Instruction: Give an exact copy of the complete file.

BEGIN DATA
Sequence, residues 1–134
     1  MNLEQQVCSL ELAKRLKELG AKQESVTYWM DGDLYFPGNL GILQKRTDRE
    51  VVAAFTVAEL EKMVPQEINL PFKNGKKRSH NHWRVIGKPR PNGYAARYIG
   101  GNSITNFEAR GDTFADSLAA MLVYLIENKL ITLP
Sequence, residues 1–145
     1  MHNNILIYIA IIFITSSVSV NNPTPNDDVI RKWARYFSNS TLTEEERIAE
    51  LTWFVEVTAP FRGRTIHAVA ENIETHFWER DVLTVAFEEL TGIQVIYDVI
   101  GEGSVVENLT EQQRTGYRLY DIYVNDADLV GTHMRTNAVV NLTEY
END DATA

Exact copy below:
Sequence, residues 1–134
     1  MNLEQQVCSL ELAKRLKELG AKQESVTYWM DGDLYFPGNL GILQKRTDRE
    51  VVAAFTVAEL EKMVPQEINL PFKNGKKRSH NHWRVIGKPR PNGYAARYIG
   101  GNSITNFEAR GDTFADSLAA MLVYLIENKL ITLP
Sequence, residues 1–145
     1  MHNNILIYIA IIFITSSVSV NNPTPNDDVI RKWARYFSNS TLTEEERIAE
    51  LTWFVEVTAP FRGRTIHAVA ENIETHFWER DVLTVAFEEL TGIQVIYDVI
   101  GEGSVVENLT EQQRTGYRLY DIYVNDADLV GTHMRTNAVV NLTEY